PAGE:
Are you looking for a book that will take you on a wild ride across time where you can meet up with the greatest lesbian authors of all time? If you just answered yes, then you’re in for a fabulous treat because this story took me on a wild romp through the ages and I basked in the glory of book adoration and a sisterhood that crossed all boundaries. Isabel and all of the regulars at Sappho’s Bar and Grill encouraged me to tag along with Hannah during her undercover mission to save our precious lesbian literature. This entire story spoke to me on so many levels and it made me hunger for more of this author’s words because I am a die-hard feminist. This novel introduced me to the joy and comfort that go hand in hand with supporting women’s bookstores, attending women’s music festivals and being a member of a close-knit, women centered community.
Excerpt from Sappho’s Overhead Projector by Bonnie J. Morris
For this was She. The great Professor-in-the-Sky, the Overhead, the Overhead Projector herself. The grand displaced department chair who orbited, like Amelia, in search of ways to restore women’s history from its shattered vessels to its source. This was She, the Matriarch, the Goddess, who had lost her job to patriarchy, to God the Father. In that far more important and longer-unresolved tension than Hannah’s own academic turnover, this was the wise one who had been told a better system was in place, a new telling of origins, a better explanation of Creation. And for how long had She floated, out of office, her calendar of rituals forbidden, her followers declared insane, heretical, banned and burned and pilloried and outcast? With rage, She drummed long fingers on Her desk, swept papers and clay figurines off its top where down to earth they fell, long buried, marveled at when found. And all her powers locked in that Projector, which sometimes hummed to life and turned on without warning, projecting truth and justice, downward-beaming. For the many feminists who had returned to Her, how harsh that office hours were near impossible to get. And classes cancelled, but for times like these, when portals opened for the lost—like Hannah.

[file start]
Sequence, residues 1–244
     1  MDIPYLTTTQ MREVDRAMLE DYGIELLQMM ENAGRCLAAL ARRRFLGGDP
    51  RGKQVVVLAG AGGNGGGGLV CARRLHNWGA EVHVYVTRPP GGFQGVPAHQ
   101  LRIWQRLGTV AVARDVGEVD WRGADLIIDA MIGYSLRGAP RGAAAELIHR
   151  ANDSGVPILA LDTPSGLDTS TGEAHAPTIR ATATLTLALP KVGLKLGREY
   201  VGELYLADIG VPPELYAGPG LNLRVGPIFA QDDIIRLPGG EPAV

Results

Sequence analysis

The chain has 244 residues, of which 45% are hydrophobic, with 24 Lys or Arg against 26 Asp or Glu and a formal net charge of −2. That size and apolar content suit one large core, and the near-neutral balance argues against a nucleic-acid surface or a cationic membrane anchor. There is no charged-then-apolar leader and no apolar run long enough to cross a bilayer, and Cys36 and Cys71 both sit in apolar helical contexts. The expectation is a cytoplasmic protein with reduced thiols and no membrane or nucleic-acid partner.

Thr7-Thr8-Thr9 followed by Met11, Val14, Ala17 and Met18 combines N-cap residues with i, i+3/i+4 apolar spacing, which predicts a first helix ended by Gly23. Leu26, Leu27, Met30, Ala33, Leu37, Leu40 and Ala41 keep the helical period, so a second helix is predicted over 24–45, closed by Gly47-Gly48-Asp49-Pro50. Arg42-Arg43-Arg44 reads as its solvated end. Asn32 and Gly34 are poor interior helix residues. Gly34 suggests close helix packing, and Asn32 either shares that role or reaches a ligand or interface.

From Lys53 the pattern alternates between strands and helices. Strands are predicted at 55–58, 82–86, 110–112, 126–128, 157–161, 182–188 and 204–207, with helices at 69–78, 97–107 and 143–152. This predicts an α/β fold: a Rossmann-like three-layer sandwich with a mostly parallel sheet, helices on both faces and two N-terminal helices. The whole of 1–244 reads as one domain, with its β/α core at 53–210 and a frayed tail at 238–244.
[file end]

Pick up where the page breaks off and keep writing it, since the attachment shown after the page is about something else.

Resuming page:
“Call me Ova,” said She, anticipating Hannah’s question. “It’s short for Overhead, as you see. And Sappho is just one of my angels in waiting, as is Amelia, who finally found the flight she wanted, orbiting earth in protection of women, in service to me.” She poured a jewel-like coffee brew from what had once been Hannah’s old Thermos bottle, serving them both in Hannah’s souvenir music festival mugs. Sappho, standing guard in her worn sandals, said “No thanks,” in lilting Greek: Oxi efcharisto.
And the interview began. For, of course, this was what it was, the next and ultimate job interview for Hannah, with the goddess CEO, the Dean of Deans, the Big Document. Hannah dared one burning sip of Ova’s coffee; instantly, she could hear the rhetoric of feminism pounding in her ears.
So you lost your job due to budget cuts. Because women’s history isn’t valued, yes. But, dear one: that is a very old story; they pushed me out from My job, too; and surely you can see you are not the first to be unjustly fired. Most women never gain the opportunities you’ve had. Let’s look.
The overhead projector whirred again, showing Hannah other scenes from history, anguished women’s faces, shortened lives.
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Sappho’s Overhead Projector
Bits and Bobs
- ISBN number: 9781612941400
- Publisher: Bywater Books
- Bonnie J. Morris Online